Control ulItemList = LoadControl("~/usercontrols/" + App.Configuration.ItemListType + ".ascx");
    ((IInventoryItemListControl)ulItemList).InventoryItemList = ItemList;
    phItemList.Controls.Add(ulItemList);  // placeholder    


The code uses a business object to retrieve Items by category as an IQueryable which means that the result is only an expression tree that hasn’t execute SQL yet and can be further filtered. I then pass this IQueryable to the FilterIQueryable() helper method of the control which does two main things:

  • Filters the IQueryable to retrieve only the data displayed on the active page
  • Sets the Totaltems property and calculates TotalPages on the Pager

and that’s it! When the Pager renders it uses those values, plus the PageSize and ActivePage properties to render the Pager.

In addition to IQueryable there are also filter methods for FilterIEnumerable<T>() and FilterDataTable(), but these versions just filter the data by removing rows/items from the entire already retrieved data so they are not as efficient in terms of data retrieval.

Pager with GridView or other Grid Controls

The pager also works in combination with grid controls so it’s easy to bypass the grid control’s paging features if desired. In the following example I use a gridView control and binds it to a DataTable result which is also filterable by the Pager control.

The very basic plain vanilla ASP.NET grid markup looks like this:

<div style="width: 600px; margin: 0 auto;padding: 20px; ">
     <asp:DataGrid runat="server" AutoGenerateColumns="True" 
                   ID="gdItems" CssClass="blackborder" style="width: 600px;">
     <AlternatingItemStyle CssClass="gridalternate" /> 
     <HeaderStyle CssClass="gridheader" />
     <ww:Pager runat="server" ID="Pager" 
           MaxPagesToDisplay="6"  />    

and looks like this when rendered:

using custom set of CSS styles. The code behind for this code is also very simple:

protected void Page_Load(object sender, EventArgs e)
    string category = Request.Params["category"] ?? "";

    busItem itemRep = WebStoreFactory.GetItem();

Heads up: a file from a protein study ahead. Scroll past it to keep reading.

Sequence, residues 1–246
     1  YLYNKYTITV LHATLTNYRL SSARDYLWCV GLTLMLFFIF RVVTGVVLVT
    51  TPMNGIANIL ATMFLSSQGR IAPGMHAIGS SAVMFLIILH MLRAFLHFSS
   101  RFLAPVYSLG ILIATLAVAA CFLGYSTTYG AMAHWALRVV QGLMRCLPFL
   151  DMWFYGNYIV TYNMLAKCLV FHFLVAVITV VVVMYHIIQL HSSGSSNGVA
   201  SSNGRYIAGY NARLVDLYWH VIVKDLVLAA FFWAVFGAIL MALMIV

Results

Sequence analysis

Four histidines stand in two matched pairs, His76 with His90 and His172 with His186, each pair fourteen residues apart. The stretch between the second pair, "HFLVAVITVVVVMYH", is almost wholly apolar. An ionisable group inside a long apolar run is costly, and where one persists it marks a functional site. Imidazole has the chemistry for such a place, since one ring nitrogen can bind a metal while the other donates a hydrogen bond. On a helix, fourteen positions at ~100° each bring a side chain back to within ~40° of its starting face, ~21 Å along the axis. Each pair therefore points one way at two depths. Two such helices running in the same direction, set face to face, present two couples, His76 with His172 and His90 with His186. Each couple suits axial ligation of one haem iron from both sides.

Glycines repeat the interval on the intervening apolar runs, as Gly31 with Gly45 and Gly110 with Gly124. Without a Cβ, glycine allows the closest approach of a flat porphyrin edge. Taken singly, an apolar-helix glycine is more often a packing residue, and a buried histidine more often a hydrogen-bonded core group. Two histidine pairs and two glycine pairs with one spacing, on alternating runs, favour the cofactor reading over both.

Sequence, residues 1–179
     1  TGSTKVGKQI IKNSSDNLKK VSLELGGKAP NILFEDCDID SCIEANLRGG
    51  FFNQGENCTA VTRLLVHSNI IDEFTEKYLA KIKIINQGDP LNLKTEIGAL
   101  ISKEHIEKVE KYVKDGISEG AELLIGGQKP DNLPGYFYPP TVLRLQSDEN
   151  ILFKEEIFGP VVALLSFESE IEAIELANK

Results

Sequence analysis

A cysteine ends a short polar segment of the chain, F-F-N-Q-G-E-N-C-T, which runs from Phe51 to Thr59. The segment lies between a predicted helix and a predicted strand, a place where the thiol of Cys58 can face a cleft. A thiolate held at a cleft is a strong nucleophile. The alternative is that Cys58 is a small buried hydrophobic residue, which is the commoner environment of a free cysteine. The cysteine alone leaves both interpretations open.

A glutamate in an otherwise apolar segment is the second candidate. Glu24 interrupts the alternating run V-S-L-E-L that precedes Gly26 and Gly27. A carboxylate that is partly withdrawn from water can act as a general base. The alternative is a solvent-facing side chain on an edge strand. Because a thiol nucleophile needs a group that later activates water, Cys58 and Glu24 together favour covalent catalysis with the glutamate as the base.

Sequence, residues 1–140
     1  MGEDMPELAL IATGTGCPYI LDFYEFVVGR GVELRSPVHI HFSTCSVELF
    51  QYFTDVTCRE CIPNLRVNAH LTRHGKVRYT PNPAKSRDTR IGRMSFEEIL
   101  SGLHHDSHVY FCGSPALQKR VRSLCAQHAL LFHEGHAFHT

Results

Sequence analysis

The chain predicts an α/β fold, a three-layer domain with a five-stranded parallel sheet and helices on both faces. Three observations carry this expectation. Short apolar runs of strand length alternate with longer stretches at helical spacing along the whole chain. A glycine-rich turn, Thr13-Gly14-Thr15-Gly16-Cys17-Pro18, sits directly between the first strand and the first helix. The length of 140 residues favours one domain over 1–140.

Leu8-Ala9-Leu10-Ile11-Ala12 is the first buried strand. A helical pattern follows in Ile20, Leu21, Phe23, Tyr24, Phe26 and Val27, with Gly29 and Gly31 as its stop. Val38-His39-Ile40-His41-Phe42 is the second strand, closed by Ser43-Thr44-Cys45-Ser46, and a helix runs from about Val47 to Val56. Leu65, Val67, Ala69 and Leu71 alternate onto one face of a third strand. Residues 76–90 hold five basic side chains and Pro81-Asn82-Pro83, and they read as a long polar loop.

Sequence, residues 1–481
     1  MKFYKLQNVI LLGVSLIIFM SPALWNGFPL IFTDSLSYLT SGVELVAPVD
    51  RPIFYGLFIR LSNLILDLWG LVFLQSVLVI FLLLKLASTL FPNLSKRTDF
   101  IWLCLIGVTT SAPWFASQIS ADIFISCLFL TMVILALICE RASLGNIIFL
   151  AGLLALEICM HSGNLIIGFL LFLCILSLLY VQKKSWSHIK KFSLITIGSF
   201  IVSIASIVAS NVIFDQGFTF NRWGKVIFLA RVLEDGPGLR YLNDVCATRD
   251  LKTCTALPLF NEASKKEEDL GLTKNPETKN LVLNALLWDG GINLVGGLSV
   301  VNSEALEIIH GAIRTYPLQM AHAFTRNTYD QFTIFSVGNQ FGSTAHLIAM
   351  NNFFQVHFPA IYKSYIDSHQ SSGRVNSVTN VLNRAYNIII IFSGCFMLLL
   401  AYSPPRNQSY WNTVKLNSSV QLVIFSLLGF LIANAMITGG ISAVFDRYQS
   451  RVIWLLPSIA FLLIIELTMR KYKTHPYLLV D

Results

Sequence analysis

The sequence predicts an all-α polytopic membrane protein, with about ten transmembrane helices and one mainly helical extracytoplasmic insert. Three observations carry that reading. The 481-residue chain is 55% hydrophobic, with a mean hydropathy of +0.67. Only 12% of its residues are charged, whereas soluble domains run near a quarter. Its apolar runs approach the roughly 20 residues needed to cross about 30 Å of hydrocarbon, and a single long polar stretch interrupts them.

var items = itemRep.GetItemsByCategory(category)
                       .Select(itm => new {Sku = itm.Sku, Description = itm.Description});           

    // run query into a DataTable for demonstration
    DataTable dt = itemRep.Converter.ToDataTable(items,"TItems");

    // Remove all items not on the current page
    dt = Pager.FilterDataTable(dt,0);
    // bind and display
    gdItems.DataSource = dt;

A little contrived since the list could already be bound from the list of elements, but this is to demonstrate that you can also bind against DataTable if your business layer returns those.

Unfortunately there’s no way to filter a DataReader as it’s a one way forward only reader and the reader is required by the DataSource to perform the bindings. However, you can still use a DataReader as long as your business logic filters the data prior to rendering and provides a total item count (most likely as a second query).

Output Generated and Paging Links

The output generated creates pager links as plain href links. To demonstrate what the output looks like and what CSS class links are available to override here’s what the rendered pager output looks like:

<div id="ItemPager" class="pagercontainer">
    <div class="pager">
        <span class="pagertext">Pages: </span><a href="http://localhost/WestWindWebStore/itemlist.aspx?Page=1" class="pagerbutton" />1</a>
        <a href="http://localhost/WestWindWebStore/itemlist.aspx?Page=2" class="pagerbutton" />2</a>
        <a href="http://localhost/WestWindWebStore/itemlist.aspx?Page=3" class="pagerbutton" />3</a>
        <span class="pagerbutton-selected">4</span>
        <a href="http://localhost/WestWindWebStore/itemlist.aspx?Page=5" class="pagerbutton" />5</a>
        <a href="http://localhost/WestWindWebStore/itemlist.aspx?Page=6" class="pagerbutton" />6</a>
        <a href="http://localhost/WestWindWebStore/itemlist.aspx?Page=20" class="pagerbutton pagerbutton-last" />20</a> <a href="http://localhost/WestWindWebStore/itemlist.aspx?Page=3" class="pagerbutton pagerbutton-prev" />Prev</a> <a href="http://localhost/WestWindWebStore/itemlist.aspx?Page=5" class="pagerbutton pagerbutton-next" />Next</a></div>
        <br clear="all" />

The links point back to the current page and simply append a Page= page link into the page. When the page gets reloaded with the new page number the pager automatically detects the page number and automatically assigns the ActivePage property which results in the appropriate page to be displayed. The code shown in the previous section is all that’s needed to handle paging.

Note that HTTP GET based paging is different than the Postback paging ASP.NET uses by default. Postback paging preserves modified page content when clicking on pager buttons, but this control will simply load a new page – no page preservation at this time.

See also

Class Pager

© West Wind Technologies, 1996-2016 • Updated: 12/13/09